In 2008, India imported Wall Str-eet's credit crisis through its ports, not its banks. Three years later, as Europe struggles to shore up its ailing banks in an attempt to avert a currency crisis, the most likely route for the contagion to spread to our shores remains trade in merchandise and services. India borrows little from the rest of the world and lends even less. Most of Indian debt is held by Indian banks, which are anyway being recapitalised to conform to new, tighter banking regulations that are being drawn up after Lehman Brothers collapsed. State Bank of India, the country's largest lender, is a case in point. The fact that it was downgraded earlier this week by credit rating agency Moody's had more to do with its owner, the government, being late in expanding its capital base than with any doubts about its loan book. For what it's worth, the downgrade does little to State Bank's capital expansion plans: less than 6% of its borrowings are from the international credit market.
Indian banks present a picture of temperance because State ownership and a tight vigil have kept them from excessive risk taking that felled their far bigger counterparts in the US and Europe. Some of the new rules the world is adopting for the banking industry have been at work in India for decades. This may have slowed their growth, but Indian banks have demonstrated their ability to withstand wide systemic risks, and ought to be able to do so again if Europe fails to get its act together. That, however, does not mean that they would pass stress tests if they were to operate in an open environment that most western banks do. Indian banks are minnows by international standards and they have been relatively sheltered by capital controls alongside stiff entry barriers for foreign banks. As India's economic heft increases, its banks will have to swim out of the lagoon into the sea.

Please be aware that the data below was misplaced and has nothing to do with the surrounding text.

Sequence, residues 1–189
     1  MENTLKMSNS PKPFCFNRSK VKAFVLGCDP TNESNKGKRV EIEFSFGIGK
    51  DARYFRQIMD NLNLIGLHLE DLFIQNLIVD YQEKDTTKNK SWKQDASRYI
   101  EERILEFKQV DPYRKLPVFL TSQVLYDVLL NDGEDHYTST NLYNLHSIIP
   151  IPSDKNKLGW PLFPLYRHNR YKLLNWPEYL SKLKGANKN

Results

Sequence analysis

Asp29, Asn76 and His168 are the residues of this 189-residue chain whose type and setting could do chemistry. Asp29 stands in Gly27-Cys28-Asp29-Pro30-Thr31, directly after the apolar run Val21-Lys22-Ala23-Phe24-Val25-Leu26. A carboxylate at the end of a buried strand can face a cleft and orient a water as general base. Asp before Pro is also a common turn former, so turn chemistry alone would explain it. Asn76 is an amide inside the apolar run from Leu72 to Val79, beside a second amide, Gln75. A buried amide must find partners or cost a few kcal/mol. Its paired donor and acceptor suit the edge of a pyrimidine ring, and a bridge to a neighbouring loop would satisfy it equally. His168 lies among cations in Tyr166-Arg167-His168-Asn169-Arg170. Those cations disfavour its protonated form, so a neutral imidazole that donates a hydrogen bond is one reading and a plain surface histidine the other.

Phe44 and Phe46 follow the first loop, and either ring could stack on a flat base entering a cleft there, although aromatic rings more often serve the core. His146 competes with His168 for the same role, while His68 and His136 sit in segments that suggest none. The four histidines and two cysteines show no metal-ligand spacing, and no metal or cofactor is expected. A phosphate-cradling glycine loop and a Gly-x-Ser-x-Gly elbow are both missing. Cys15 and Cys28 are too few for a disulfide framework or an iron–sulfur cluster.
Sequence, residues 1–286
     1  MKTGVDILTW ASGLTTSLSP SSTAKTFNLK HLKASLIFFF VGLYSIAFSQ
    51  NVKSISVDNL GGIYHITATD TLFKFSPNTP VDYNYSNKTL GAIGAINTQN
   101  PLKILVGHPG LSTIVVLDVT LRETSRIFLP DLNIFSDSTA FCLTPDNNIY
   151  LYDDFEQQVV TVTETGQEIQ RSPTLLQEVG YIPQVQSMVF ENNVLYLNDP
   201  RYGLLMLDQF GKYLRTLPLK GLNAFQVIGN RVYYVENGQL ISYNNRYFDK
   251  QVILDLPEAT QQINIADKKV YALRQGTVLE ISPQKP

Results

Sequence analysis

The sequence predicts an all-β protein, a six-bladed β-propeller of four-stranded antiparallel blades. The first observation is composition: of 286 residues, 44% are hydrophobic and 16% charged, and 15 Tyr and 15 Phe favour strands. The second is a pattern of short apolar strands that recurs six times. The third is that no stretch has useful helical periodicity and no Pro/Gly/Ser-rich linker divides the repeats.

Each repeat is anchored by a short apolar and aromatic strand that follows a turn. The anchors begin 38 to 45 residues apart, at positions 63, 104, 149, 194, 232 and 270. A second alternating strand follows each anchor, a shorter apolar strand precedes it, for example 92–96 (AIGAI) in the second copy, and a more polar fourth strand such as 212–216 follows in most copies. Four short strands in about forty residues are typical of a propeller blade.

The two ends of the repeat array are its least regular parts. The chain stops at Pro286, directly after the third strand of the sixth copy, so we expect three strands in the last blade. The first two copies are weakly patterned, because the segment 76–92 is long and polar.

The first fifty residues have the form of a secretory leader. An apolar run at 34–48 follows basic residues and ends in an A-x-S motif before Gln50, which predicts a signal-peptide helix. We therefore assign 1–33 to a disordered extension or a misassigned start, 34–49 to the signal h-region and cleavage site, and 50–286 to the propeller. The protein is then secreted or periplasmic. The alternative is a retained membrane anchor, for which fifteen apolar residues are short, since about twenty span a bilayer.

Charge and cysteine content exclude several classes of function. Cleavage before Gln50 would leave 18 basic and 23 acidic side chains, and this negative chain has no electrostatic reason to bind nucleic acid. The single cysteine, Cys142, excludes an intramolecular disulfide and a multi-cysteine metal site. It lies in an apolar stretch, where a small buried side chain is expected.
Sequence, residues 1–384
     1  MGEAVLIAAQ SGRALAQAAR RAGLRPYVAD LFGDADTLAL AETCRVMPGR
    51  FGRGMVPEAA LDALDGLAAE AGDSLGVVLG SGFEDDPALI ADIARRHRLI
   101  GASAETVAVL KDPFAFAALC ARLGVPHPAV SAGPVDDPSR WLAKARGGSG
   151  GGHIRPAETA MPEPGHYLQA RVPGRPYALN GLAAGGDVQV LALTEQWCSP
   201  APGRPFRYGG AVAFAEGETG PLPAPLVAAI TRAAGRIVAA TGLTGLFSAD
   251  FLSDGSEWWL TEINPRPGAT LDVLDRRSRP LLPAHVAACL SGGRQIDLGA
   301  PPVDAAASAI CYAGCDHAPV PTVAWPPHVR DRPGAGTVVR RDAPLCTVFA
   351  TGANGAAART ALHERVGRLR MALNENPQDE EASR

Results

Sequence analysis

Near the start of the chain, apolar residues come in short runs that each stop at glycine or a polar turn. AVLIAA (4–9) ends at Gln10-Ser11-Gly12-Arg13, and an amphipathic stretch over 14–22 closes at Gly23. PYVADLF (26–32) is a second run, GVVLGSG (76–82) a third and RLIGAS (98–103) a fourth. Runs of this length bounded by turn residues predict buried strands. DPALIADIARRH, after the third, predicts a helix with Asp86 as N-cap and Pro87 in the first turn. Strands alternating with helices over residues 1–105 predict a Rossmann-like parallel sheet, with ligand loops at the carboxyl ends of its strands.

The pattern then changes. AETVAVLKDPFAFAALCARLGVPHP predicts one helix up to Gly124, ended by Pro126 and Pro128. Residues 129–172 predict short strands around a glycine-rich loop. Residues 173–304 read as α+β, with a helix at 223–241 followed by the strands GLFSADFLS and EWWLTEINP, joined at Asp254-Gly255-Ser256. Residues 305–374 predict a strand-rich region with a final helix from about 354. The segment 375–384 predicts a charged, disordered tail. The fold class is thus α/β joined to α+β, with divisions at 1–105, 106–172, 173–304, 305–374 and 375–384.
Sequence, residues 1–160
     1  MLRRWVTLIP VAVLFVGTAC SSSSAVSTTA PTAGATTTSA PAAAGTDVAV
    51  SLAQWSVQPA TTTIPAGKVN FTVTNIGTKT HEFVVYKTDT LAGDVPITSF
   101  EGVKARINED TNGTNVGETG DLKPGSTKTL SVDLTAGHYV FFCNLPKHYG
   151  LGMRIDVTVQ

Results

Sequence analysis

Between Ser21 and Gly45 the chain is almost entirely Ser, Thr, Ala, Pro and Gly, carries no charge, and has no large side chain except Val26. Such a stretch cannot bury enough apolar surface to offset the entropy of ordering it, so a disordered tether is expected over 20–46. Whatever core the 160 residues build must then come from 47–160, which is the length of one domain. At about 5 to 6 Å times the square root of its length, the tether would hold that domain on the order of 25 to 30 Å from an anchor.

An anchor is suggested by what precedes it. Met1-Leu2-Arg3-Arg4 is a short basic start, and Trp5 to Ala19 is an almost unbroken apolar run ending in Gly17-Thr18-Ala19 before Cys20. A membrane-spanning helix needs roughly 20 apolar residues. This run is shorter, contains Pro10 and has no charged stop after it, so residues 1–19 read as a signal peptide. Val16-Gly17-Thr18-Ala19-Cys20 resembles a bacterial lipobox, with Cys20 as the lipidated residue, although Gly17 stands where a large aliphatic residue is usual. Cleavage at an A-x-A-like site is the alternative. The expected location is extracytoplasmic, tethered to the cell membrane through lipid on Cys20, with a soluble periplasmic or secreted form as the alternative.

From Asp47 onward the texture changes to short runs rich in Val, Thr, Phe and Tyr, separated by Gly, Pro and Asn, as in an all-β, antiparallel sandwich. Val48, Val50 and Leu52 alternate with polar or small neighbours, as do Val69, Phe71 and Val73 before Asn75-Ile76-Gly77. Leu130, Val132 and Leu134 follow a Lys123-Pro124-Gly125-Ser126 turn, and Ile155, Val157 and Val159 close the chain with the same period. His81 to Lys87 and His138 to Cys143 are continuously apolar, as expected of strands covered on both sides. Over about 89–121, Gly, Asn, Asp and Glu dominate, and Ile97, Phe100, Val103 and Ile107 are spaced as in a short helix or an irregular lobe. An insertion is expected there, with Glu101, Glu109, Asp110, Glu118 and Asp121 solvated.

The travails of American and European banking will have informed the Indian industry before it ventures out, as they must. At some point, India's growth will require it to borrow, or lend, big time in the global capital market. Its financial sector will have to be more open to foreign players. Its regulatory mechanism robust enough to spot and pop the next bubble. All of this must be preceded by providing millions of people access to banking services. Indians save over a third of their income, but this number means little unless most of the household savings enters the financial market where it gets farmed out for investment into factories, highways and ports. In a decade from 1969, when banks were first nationalised and told to go to the villages, the Hindu rate of growth crept up from 3.5% to 5%. Since then, as bank branches fanned out across the country, and more Indians put their savings in banks, the growth rate has sprinted to 9%.